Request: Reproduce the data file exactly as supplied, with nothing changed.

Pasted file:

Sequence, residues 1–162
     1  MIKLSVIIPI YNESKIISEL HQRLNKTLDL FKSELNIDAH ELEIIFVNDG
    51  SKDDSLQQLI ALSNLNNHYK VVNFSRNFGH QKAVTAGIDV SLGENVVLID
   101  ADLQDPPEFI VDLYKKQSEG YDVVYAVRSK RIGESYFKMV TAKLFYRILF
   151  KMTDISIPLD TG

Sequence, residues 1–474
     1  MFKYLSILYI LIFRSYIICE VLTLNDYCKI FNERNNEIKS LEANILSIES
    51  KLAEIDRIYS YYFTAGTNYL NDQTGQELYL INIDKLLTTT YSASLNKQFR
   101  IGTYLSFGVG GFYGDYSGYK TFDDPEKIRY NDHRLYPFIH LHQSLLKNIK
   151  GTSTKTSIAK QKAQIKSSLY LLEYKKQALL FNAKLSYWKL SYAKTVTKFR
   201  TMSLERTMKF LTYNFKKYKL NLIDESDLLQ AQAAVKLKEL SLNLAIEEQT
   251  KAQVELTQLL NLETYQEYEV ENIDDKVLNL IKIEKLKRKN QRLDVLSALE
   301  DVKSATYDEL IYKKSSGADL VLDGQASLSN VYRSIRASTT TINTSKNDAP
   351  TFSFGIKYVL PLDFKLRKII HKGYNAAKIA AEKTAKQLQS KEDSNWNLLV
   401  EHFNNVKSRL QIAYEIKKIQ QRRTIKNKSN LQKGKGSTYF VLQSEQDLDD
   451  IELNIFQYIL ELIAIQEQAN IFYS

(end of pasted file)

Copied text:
Sequence, residues 1–162
     1  MIKLSVIIPI YNESKIISEL HQRLNKTLDL FKSELNIDAH ELEIIFVNDG
    51  SKDDSLQQLI ALSNLNNHYK VVNFSRNFGH QKAVTAGIDV SLGENVVLID
   101  ADLQDPPEFI VDLYKKQSEG YDVVYAVRSK RIGESYFKMV TAKLFYRILF
   151  KMTDISIPLD TG

Sequence, residues 1–474
     1  MFKYLSILYI LIFRSYIICE VLTLNDYCKI FNERNNEIKS LEANILSIES
    51  KLAEIDRIYS YYFTAGTNYL NDQTGQELYL INIDKLLTTT YSASLNKQFR
   101  IGTYLSFGVG GFYGDYSGYK TFDDPEKIRY NDHRLYPFIH LHQSLLKNIK
   151  GTSTKTSIAK QKAQIKSSLY LLEYKKQALL FNAKLSYWKL SYAKTVTKFR
   201  TMSLERTMKF LTYNFKKYKL NLIDESDLLQ AQAAVKLKEL SLNLAIEEQT
   251  KAQVELTQLL NLETYQEYEV ENIDDKVLNL IKIEKLKRKN QRLDVLSALE
   301  DVKSATYDEL IYKKSSGADL VLDGQASLSN VYRSIRASTT TINTSKNDAP
   351  TFSFGIKYVL PLDFKLRKII HKGYNAAKIA AEKTAKQLQS KEDSNWNLLV
   401  EHFNNVKSRL QIAYEIKKIQ QRRTIKNKSN LQKGKGSTYF VLQSEQDLDD
   451  IELNIFQYIL ELIAIQEQAN IFYS